Art World Report Card: Italy’s Art Donor Tax Break, Gallery Partnerships, and the Met’s New Entrance
Italy's nod to art donors, a new structure at Zwirner, and whither the Met.
Italy Offers Huge Art Tax Break; Let’s Import It
Va Bene. On May 22 the new government of Italy introduced one of the most generous tax breaks for donors to the arts.
The so-called art bonus, dubbed “revolutionary” by the nation’s former culture minister, essentially offers a tax credit of 65 percent of the money donated to cultural projects over three years. The move is specifically designed to spur investment by wealthy individuals in restoration projects such as Pompeii, among other art historical sites.
Why isn’t this happening in America?
Apart from concerns that the 1 percent get too much consideration as it is, there’s a well-worn belief that, when it comes to charitable donations to museums or other organizations, somebody is pulling a fast one.
That may or may not be true. Consider Leonard Lauder’s landmark gift of Modern art last year to the Metropolitan Museum of Art. The art has been publicly valued at $1 billion. But those prices reflect Lauder’s own passion for the works; in other words, if they were to be sold at auction without Lauder participating as an underbidder, would they go for substantially less? Maybe, but let’s not kid ourselves: Blue Period Picassos do not come cheap.
Similarly, the Internal Revenue Service Art-Advisory Panel, which reviews all museum donations valued at more than $50,000, does have, at first glance, its potential conflicts of interests. It included (as of 2012) such major art world figures as Michael Findlay, a director of Acquavella Galleries; Douglas Baxter of Pace, Barbara Mathes and David Tunick, who may among them know whose charitable gifts of art it is that they’re appraising. That said, there’s now decades of public information on the panel’s art-related tax rulings and it rules against the donor about half of the time.
“It’s a bit of a red herring to attack [charitable deductions for art] on the basis of being a tax break for the wealthy,” says Andras Szanto, who served as the moderator of the Met’s sweeping Global Museum Leaders Colloquium earlier this year.
Museum directors are fund-raising every day, he notes, and the combination of goodwill and economic benefit that tax incentives can offer make them “a potent force for fund-raising.”
Upping incentives for donors is crucial right now due to the art-market’s climb: Capital gains tax eats roughly a third of the increase in an artwork’s value. So now is a particularly ripe time in history that wealthy donors would be approachable about major, even massive, gifts if they were given a greater tax-break nudge.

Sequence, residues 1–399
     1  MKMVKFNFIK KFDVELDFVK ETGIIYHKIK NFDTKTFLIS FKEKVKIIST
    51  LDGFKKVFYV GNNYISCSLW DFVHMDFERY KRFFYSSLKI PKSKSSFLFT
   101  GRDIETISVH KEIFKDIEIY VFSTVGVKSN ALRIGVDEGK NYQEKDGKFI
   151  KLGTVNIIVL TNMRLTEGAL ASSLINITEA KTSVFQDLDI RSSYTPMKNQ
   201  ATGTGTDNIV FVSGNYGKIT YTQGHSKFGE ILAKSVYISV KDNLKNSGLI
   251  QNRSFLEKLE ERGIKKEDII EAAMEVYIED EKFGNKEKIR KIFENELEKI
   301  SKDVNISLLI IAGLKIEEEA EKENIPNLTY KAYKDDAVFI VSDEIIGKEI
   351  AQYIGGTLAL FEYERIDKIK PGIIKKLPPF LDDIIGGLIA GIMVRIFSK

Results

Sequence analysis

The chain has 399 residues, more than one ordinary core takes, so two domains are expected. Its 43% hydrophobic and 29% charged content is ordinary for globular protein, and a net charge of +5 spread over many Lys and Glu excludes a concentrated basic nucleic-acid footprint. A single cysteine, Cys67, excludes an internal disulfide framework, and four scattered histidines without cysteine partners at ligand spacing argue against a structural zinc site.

Art galleries are moving to more sophisticated financial structures that mirror those at law firms and advertising agencies.
A partnership model is augmenting or replacing the straight commission/bonus system that has been standard for decades. At David Zwirner Gallery, for example, four veteran employees have “senior partnership” status and four additional employees, like Christopher D’Amelio, who joined in January 2013, partnership status. As the Zwirner Gallery partner running the publishing, marketing, and publicity division, for example, Julia Joern is one of the few professionals in that neck of the field to hold partnership status at a gallery.
In April, Stefania Bortolami, founder of Bortolami Gallery in Chelsea, named Christine Messineo, director for five years, a partner. Lehmann Maupin is another example of a rapidly expanding gallery with partners.
Partnership is seen as discouraging turnover, rewarding directors for the heavy travel of the art-fair life and enabling firmer, long-term bonds with the artists in the gallery stable. It also recognizes employees whose duties extend beyond sales. Lastly but crucially, at some of the galleries turning to it, such a structure can spread the financial risk of operating a gallery, and of borrowing against art, well beyond the name founder.
Naming some gallerists partners (In some cases but not all, a buy-in is required) apparently has the added benefit of spurring discontent at rival galleries who have yet to extend such offers to their employees.
Notes one attorney, “You’ll have a lot of people asking for partner now.”
The Met Looks West, Toward the Trees
Justin Davidson writes intelligently in a recent New York magazine issue about the Metropolitan Museum of Art’s plans to gut the Lila Acheson Wallace Wing and cut open a new entrance upon Central Park. But he warns that such an entrance risks “disturbing the verdant peace” of the Park.
Wait a minute, here.
Even a decade ago, the idea that the Metropolitan could even have an entrance onto the Park—that tourists would be willing to enter the site of seemingly every murder on “Law & Order” in the last generation—would have been ridiculous. It’s a massive achievement that a tourist venue within Central Park is even conceivable, and it’s not necessarily a bad idea to give tourists a more pleasant and pastoral experience of New York. That said, Davidson is dead-on in noting that the years and measures it would take to achieve the neighborhood agreement, permits, zoning approval, and so on, would be arduous.
A disruption to the Park could be no uglier, more time-consuming or more disruptive of traffic than the current never-ending construction on the museum’s Fifth Avenue plaza, a central and even spiritual hub of New York City. A (arguably unnecessary) fountain redesign being paid for by billionaire David Koch has left the sidewalk torn up for months. Unless we’re getting the Trevi, will it have been worth it?
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